The rise of the mothers, but what about the fathers?

education fotoAt a time when everyone talks about the rise of women…it’s time to pause and reflect on what does it mean to be a man and a father nowadays.

There is evidence that shows that more women between 35 and 45 are becoming entrepreneurs than men. Who are the winners and who are the losers? Do men really benefit from staying employed in corporations despite not enjoying their jobs?   A lot of men feel the burden of having to be the one, in the couple, who succeeds in their career. There are a lot of men who don’t even take the parental leave offered by the country’s legislation because they are afraid of the message it would give about their level of career ambition.

Two months ago it was Mothers’ Day here in The Netherlands. My husband just flew back from Houston the day before, but despite the jet-leg and the acute tiredness of spending a whole week in face-to-face meetings he felt urged to wake up with the kids at 7.30 am on a Sunday to  organize breakfast in bed for mummy. I got to unwrap  hand-made heart gifts crafted with patience by my seven year-old daughter and my four-year old son at school.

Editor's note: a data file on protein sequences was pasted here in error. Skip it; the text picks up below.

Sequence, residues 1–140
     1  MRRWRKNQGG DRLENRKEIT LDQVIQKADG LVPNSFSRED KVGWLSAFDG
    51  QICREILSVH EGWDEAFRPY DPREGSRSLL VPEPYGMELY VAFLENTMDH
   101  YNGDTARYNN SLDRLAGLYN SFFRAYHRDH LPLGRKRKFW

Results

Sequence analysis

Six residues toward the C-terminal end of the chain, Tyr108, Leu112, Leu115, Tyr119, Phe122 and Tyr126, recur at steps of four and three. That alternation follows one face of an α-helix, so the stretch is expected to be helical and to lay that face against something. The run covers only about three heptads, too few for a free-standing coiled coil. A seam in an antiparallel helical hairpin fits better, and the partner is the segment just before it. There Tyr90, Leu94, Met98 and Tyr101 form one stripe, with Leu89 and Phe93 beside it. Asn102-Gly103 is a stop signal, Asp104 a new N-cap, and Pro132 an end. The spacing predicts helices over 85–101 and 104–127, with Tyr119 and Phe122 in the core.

If you are woman reading this, you probably think… ah, how sweet, well-deserved mother day. But, if you are a guy, especially one who does not have kids yet, you might think: What? 7.30 am on a Sunday morning?  This poor man…another one lost. I don’t think I will have kids, or maybe I will wait until after I turn 45!

In this blog and my recent book  I often write often about gender balance and especially about having mothers as leaders, but I do think that the rise of mothers can only happen with the full support of men.

There is something to be said about women’s intuition and empathy, however girls tend to be rewarded early on for using their intuition and ‘social skills’ while boys tend to be rewarded for courage and bravery.

There is yin and yang in all of us and we need to take our men with us on this wonderful journey called… the rise of women.  

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Author: Steliana van de Rijt-Economu is a leadership coach with twenty years of cross-cultural working experience. A mother herself, she lived with her young family in three different countries, experiencing first-hand the pressure that society places on women, especially as they become mothers.

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